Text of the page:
With San Francisco facing a half-billion-dollar budget deficit, Mayor Gavin Newsom today pledged to make job creation and new business development his priorities in his final two years in office.
Newsom made the remarks this evening during his annual State of the City address, a nearly hour-and-a-half-long speech at the Asian Art Museum located opposite City Hall.
Despite signs of recovery from the economic recession, “There’s still a lot of anxiety,” Newsom said. “There’s still a tremendous amount of uncertainty.”
Newsom’s new local economic stimulus plan for the city will include no taxes on new hires for two years; tax credits for small businesses with 21 to 49 employees that offer health care to their employees; and an extension of a payroll tax exclusion for biotech companies until 2014.
“We not only need to attract businesses, we need to retain businesses,” he said.
The plan will also include an “innovation fund” offering $11.5 million in loans to new and existing clean technology, biotech, new media and information technology businesses in the central and southeastern parts of the city. Newsom said the fund would provide jobs for low-income people.
Newsom’s plan also features $11.5 million for redeveloping the mid-Market Street area in downtown San Francisco to return it to “a shining retail and entertainment district” with affordable housing and transit-first policies.
Newsom additionally wants to accelerate capital construction and make sure local firms are competitive on those projects; to pass a $652 million jobs and infrastructure bond for seismic and public safety on the June ballot; and to allocate $5 million for GoSolarSF, which offers discount solar power products.
“By focusing all our energies on creating jobs and economic growth and by investing in people and place, together we will overcome the challenges we face today and emerge a global leader for innovation and investment,” Newsom said in an earlier prepared statement provided by his office.
“There’s a limit to how much more we can tax and cut, but there’s unlimited potential in how much more we can create jobs and grow our economy,” Newsom said.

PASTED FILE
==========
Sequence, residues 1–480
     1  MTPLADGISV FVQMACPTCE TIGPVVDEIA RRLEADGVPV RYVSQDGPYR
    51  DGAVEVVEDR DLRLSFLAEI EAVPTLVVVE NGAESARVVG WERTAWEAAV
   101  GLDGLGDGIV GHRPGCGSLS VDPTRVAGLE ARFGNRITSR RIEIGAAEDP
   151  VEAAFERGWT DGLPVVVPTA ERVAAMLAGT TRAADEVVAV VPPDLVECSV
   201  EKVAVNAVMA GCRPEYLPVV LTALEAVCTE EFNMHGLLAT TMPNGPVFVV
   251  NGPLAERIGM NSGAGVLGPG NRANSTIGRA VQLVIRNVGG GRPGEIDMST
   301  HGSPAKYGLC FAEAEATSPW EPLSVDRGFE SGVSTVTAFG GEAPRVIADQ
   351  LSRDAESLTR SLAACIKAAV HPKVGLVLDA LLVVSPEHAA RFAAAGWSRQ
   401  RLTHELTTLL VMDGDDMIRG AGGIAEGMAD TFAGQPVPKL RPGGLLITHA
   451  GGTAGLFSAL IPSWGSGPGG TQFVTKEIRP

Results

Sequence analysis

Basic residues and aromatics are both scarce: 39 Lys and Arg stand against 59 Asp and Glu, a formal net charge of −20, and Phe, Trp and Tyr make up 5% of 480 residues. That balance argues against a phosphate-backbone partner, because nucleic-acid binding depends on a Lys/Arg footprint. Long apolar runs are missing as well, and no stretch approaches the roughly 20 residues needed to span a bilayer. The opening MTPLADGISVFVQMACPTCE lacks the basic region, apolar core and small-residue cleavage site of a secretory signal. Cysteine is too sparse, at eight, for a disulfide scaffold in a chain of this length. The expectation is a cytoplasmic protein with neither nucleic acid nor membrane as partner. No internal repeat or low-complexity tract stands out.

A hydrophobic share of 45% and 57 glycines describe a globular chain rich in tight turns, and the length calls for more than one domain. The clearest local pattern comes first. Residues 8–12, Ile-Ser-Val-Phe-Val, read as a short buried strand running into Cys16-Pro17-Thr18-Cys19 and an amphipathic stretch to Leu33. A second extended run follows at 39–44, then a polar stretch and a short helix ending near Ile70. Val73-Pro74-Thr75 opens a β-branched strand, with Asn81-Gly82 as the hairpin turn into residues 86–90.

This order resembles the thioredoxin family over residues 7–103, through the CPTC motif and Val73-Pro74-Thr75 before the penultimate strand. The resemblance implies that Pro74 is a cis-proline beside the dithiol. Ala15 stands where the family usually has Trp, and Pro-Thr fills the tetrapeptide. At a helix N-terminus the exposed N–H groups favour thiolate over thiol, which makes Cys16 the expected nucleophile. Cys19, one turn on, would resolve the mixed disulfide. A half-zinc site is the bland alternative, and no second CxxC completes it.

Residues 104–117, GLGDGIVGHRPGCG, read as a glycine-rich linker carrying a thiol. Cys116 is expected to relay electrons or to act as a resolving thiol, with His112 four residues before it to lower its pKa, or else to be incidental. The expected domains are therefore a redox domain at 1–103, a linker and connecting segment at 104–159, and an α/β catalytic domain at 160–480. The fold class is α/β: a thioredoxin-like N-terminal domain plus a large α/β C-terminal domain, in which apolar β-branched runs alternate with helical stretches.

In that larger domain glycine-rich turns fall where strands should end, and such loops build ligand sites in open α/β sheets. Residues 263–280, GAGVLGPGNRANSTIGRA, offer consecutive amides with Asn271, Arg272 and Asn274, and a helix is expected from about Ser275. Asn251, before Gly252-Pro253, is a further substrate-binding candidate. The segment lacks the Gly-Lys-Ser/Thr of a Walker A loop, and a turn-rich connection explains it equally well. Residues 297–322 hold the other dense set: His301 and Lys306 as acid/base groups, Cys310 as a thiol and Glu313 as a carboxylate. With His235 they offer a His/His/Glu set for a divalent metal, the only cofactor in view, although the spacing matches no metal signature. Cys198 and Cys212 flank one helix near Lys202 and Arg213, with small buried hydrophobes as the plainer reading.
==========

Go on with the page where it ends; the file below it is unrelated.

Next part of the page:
In his speech, Newsom cited several successes, including green job programs and the city’s strict environmental building standards; the planned closure of the city’s last power plant; a reduction in crime in the past year; redevelopment projects on Treasure Island and in Hunters Point that he said will bring thousands of jobs to San Francisco; and Healthy San Francisco, the city’s new public health care program.
The remaining focus of Newsom’s address was on education, homelessness and government and budget reform.
Newsom plans to address chronic truancy and low graduation rates in some San Francisco schools, especially in underprivileged communities, with the launch of the Truancy Abatement Resource Center.
The center will be a joint effort of the city’s Juvenile Probation Department, police, city providers and the school district.
It will offer a drop-in facility to provide resources to truant youth, to include “creative incentives” to keep students in school, according to the mayor’s office.
Newsom also pledged a 50-percent reduction in street homelessness and a 30-percent reduction in overall homelessness by the end of the year.
“I don’t think we can solve this problem, I know we can solve this problem,” he said.
As part of that pledge, he said he will make Project Homeless Connect, begun in 2004, a permanent program. By the end of the year, in addition to 24-hour drop-in service and referrals, it will become “a full-fledged response to the root causes of homelessness,” including help for those with substance abuse and mental health issues, the mayor’s office said.
The city’s $500 million estimated budget deficit for the coming fiscal year will require “painful choices,” including service cuts and the need to find new revenue sources, according to Newsom.
“My focus, and the focus of this budget, must be reform,” he said. “We cannot tax our way out.” Instead, he cited ongoing efforts to streamline city government and cut overtime.
Another major issue will be reform of the city’s pension program, costs to the city of which are expected to balloon to $1.4 billion in three years, Newsom said.
Newsom said earlier that he will oppose any “must-spend” legislation offered by the Board of Supervisors, which he argues would “hamstring” his office’s ability to respond quickly to fiscal crisis. He added that such legislation would require him to spend money the city doesn’t have, and jeopardize the city’s credit ratings.
Newsom will hold a series of budget town-hall meetings in February to address the latest budget projections.
He closed his address on a hopeful note.
“If we can remain hard-headed, but at the same time big-hearted, then I promise you, the best is yet to come,” Newsom said.